I’ll give the first-person shooter sections a 3.

IMG_5173Another screenshot. Note that all four members of the other team are in front of me, yet the auto-aiming system has latched onto none of them.

Money-Grabbing Ploys

Apparently, the current industry standard is to include a ridiculous number of in-game purchases, without which you cannot beat the game. I’m sure Scrooge McDuck would approve of making a profit at any cost. Expect to see the “premium in-game currency” scheme and the “daily rewards to ensure you keep playing” trick. There are also several “missions” to complete, some of which involve being good at the game, and others of which involve being good at buying things in the store.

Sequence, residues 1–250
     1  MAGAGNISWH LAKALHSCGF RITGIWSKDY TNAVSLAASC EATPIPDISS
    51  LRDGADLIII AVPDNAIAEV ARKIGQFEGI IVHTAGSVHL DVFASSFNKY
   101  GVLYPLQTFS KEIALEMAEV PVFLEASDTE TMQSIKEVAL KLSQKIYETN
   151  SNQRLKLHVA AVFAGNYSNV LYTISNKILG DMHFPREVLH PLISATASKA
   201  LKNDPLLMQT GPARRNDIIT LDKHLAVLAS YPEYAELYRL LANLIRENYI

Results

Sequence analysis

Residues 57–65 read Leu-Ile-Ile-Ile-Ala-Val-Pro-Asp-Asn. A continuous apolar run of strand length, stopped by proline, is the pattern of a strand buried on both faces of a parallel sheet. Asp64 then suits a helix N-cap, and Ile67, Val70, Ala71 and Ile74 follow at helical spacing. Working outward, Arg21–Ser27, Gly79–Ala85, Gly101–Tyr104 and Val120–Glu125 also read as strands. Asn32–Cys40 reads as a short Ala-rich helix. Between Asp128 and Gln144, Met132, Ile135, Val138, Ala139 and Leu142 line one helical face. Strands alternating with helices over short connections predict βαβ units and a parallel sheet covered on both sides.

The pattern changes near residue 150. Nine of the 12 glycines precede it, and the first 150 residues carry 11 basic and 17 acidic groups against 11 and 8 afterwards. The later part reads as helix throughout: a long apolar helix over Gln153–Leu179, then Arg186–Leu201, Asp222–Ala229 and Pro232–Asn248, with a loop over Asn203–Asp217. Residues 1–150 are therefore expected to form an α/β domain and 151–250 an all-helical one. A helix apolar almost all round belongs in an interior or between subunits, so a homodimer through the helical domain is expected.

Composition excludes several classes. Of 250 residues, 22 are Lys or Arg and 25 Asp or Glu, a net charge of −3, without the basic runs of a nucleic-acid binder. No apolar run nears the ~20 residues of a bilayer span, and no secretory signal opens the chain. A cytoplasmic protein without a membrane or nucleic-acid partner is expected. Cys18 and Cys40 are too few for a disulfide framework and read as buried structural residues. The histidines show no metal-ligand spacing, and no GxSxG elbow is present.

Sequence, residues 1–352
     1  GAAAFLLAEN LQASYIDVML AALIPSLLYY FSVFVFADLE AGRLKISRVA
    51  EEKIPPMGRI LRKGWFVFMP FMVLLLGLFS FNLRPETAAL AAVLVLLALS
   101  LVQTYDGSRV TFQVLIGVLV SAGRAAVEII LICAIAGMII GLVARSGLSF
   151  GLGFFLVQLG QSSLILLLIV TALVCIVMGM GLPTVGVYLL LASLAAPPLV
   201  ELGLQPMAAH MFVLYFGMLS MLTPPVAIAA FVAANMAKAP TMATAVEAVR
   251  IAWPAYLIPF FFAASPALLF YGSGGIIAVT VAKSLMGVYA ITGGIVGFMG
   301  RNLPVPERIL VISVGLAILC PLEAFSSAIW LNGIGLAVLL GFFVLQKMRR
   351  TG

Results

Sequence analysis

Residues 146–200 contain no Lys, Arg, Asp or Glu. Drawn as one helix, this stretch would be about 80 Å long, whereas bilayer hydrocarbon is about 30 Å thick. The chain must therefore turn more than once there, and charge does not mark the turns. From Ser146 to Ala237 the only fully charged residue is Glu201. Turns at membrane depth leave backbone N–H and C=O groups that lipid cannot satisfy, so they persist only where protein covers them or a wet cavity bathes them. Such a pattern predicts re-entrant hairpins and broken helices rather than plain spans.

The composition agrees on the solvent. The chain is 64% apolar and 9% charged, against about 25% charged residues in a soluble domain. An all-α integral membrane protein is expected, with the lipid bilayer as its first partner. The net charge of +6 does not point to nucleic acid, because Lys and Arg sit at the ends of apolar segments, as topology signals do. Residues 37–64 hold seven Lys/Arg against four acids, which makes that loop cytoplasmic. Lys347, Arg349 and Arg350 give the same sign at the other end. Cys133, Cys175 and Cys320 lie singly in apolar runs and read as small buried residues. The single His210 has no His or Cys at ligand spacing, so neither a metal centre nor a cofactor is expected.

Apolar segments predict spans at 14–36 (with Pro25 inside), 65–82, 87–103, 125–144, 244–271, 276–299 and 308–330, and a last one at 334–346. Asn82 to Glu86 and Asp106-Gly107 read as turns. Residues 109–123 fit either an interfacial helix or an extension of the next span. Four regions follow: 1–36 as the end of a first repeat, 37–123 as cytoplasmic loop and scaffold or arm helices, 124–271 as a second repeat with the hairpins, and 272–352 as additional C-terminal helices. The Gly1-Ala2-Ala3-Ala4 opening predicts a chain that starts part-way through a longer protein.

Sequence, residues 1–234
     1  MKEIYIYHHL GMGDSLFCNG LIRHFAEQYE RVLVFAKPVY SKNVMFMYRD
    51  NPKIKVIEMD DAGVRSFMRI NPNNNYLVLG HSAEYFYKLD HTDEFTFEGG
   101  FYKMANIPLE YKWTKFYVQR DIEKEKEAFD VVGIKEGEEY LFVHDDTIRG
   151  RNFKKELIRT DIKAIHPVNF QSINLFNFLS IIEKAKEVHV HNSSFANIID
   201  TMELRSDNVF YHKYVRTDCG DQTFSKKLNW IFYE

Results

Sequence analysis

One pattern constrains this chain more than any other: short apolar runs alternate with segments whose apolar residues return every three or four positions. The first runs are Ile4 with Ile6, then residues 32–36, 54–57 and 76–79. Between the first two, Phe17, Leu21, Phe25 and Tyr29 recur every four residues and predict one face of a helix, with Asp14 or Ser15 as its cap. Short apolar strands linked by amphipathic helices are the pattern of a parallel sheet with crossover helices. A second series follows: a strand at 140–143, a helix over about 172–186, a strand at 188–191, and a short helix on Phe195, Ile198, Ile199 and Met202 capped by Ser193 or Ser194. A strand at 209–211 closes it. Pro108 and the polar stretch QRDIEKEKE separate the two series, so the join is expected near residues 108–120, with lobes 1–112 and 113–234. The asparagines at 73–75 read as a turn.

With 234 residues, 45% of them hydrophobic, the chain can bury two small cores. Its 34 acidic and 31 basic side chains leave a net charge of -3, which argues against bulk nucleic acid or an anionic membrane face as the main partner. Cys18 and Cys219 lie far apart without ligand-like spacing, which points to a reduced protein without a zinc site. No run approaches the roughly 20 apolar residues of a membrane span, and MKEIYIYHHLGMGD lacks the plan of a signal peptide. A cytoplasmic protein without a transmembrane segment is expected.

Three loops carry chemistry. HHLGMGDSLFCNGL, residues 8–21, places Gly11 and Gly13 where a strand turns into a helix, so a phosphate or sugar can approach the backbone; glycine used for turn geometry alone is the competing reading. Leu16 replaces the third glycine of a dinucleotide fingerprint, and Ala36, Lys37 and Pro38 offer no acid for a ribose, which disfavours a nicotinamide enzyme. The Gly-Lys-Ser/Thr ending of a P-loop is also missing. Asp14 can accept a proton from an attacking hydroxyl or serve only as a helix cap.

There are four characters in the game. They start off with low stats, forcing you to buy stat upgrades. Each character has four or so different outfits, and illogically, stats don’t carry over from outfit to outfit. Did your character just put on a hat? That means your stats have just been cut in half! Ha ha!

You automatically get 150 coins, after playing a four-minute match. If you pick up a lot of items or kill a lot of enemies, the amount of money you get can increase to a maximum of 250 coins.

Everything in the store starts at Level 1. All Level 2 purchases are 500 coins, so that’s tolerable. Just play three or so games, and you can get the item you want. Level 3 items are a bit harder, at 1500 coins, requiring you to play ten games. Level 4 is 5,000 coins (thirty-three games), and Level 5 is 10,000 coins (66 games). Doing the math here, if you bought something at Level 5, you must have played 112 games, which takes 448 minutes (7 hours and 28 minutes). Don’t forget that all the game’s items have four stats, which must be upgraded separately!